1938-42 Energetic, Jam-Packed Diary of a Freewheeling 20-Something Who is All About the NYC Life

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On offer is an excellent, jam-packed 5 year diary describing in detail the life of a young working woman in New York City from ages 27 through 31.

The author of this 5-year diary is Elisabeth (Betty) Townsend Otto (1911-2009), born in Buffalo, New York. According to her obituary, she was the daughter of the late Dr. Jacob S. Otto and Elisabeth Townsend (Wheeler) Otto. After attending schools in Buffalo, New York, Betty worked for ten years in the 30s for Standard Oil of New Jersey, which later became Exxon Corporation. Returning to Buffalo, she was employed at Blue Cross/Blue Shield of Western New York. After purchasing a home near Long Island Sound in 1961, where she could swim and enjoy the beach with her friends, she became a lifetime resident of Old Saybrook, Connecticut.

Her ancestors included the late Augustus Seymour Porter of Buffalo, who in 1838 became Mayor of Detroit and then served as a U.S. Senator from Michigan until 1845, and the late Col. Peter Augustus Porter of Niagara Falls who  fought in the Civil War for the Union and fell near Richmond on June 3, 1864 while leading the 8th New York Volunteer Heavy Artillery troops in the battle of Cold Harbor.

Elisabeth’s entries are detailed and she fills all the lines every day. Her focus is on living it up in New York, and she therefore mention many locations across the city. Some excerpts follow: 

“Work as usual. All of the girls had lunch at Eliz Driscoll’s. I came home on 5:03. Mother & Dad arrived. I had cocktails for Dad and dressed. There was the first dance of the season which was fair. I danced with Captain Howe, Russel Cook, Mr. Babcock and Mr. Forsbay. In bed at one” [July 1, 1938].

“Worked as usual. Lunch at Automat. Marketed on way home. Wrote to Dad & Mother. Got dinner, played piano and listened to radio after reading” [Nov 17, 1938].

“Listened to radio, read paper, finished letter to M & D. Played piano. Had light lunch. Called on [ ] at Barbizon and found her out Went to movies at Lowes 42nd and saw “Trade Winds” & “The Girl Downstairs”. Came home, got supper, listened to radio and read paper” [Feb 19, 1939].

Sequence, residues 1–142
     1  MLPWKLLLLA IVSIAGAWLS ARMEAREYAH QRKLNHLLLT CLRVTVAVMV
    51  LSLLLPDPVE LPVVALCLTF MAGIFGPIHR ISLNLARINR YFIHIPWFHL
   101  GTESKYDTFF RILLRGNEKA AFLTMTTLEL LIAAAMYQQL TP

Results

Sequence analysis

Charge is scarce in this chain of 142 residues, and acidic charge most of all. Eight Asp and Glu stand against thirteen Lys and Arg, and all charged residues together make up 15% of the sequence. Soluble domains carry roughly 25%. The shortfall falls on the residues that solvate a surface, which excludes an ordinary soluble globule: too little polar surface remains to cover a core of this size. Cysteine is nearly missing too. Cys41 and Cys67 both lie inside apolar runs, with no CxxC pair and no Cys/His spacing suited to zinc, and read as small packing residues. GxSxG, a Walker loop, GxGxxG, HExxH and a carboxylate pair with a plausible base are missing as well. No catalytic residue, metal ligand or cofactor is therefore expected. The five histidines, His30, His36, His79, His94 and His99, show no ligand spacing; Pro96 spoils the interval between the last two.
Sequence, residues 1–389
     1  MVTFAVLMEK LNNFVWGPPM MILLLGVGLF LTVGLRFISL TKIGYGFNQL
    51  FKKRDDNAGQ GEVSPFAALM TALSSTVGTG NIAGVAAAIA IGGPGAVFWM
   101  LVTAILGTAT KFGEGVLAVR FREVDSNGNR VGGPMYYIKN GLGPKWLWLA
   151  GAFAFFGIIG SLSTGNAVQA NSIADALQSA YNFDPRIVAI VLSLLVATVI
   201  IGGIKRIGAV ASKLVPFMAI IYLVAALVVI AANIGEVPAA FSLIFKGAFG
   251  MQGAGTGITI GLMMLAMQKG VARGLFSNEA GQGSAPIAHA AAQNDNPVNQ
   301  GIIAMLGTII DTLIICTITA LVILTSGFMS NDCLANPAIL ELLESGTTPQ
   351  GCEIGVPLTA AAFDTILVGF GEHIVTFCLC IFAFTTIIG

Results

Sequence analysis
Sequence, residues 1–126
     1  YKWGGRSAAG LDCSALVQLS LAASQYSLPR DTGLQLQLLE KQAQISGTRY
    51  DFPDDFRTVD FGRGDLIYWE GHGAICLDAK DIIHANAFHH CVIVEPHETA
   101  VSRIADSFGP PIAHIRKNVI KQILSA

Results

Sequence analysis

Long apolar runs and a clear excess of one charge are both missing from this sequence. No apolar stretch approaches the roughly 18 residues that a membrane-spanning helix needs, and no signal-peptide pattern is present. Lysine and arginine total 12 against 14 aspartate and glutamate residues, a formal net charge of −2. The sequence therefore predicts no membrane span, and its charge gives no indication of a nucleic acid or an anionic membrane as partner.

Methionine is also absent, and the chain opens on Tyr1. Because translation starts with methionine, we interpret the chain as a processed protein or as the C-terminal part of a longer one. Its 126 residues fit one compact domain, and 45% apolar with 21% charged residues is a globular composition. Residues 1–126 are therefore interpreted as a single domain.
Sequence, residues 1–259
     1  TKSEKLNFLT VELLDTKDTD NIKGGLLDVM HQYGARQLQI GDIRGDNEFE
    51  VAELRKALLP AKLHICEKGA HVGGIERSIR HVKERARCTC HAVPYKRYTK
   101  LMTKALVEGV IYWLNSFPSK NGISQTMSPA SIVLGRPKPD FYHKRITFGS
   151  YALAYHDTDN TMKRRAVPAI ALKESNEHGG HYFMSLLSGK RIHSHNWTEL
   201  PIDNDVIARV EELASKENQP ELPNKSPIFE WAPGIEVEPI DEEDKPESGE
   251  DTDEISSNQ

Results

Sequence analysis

“Took my time getting up. Went over accounts with Dad. Swam. In afternoon, Dad & I played golf at Hubbard Heights & enjoyed it. Took a dip. Dad and I had cocktails. I sat on porch after dinner with [ ]. Came to room at ten. Heard Roosevelt’s war speech. France & England declared war with Germany to help Poland” [Sept 3, 1939].

“Lunch as usual. Lunch at Millworth’s. Shopped. Marketed on way home. Got dinner & washed stockings. Went by car to Business & Professional Women’s meeting at St. Georges. Came home at 10: 15, to bed 11:50. Real summer weather” [June 4, 1940].

“Work as usual. Lunch at Orange Bowl. After work went to 5 & 10. Dinner at Eliz Hynnes. Stopped at Bloomingdales. Came home, listened to radio, played piano and knitted. Wrote to M & D at office” [Nov 28, 1940].

“Up at nine. In morning Ma & I shopped and marketed. I got 2 hats and a suit. Lunch at [ ]. We went to Boston Symphony concert which was very good . Came home. Got dinner. A.E. Bondman came. We talked and listened to Roosevelt’s speech on lendlease bill. A.E. went at ten. I read papers and played radio, retired at 12:30 [Mar 15, 1941].

“Worked as usual. From 12:30 on most all heard FDR speech & Congress declare war with Japan. I lunched at drug store. From work did Christmas shopping at Bloomingdale’s. Went to [ ] for dinner. Listened to radio & knitted. Came home at 12:00. In bed about one” [Dec 8, 1941].

“In morning typed at Red Cross after taking Jonathon to vet for deworming. Lunch at Howard Johnson’s with Mary Halloman. Came home. Mother left with Mrs. Smith for 3 days at Basses. I did errands, went with Dad to 2 calls. Dad and I dined at Westbook’s, went to baseball game and Toronto beat Buffalo 2-1…”[June 29, 1942].

This is an outstanding record of a young woman who has built a successful life during the war years of the mid-20th century. Full of details, for a historian or researcher into Women’s Studies, it offers an excellent look at the changing roles of women in American society. This diary’s heavy New York theme makes it an outstanding piece to enhance an NYC-themed collection. 

Measuring 5.5x4.25 inches, this diary contains 365 pages and is 100% complete. The cover is a pebbled leather. The leather is intact but is well-worn. The accompanying clasp is intact as well. The binding is in good condition as are all of the pages. The handwriting is legible. Overall VG. 

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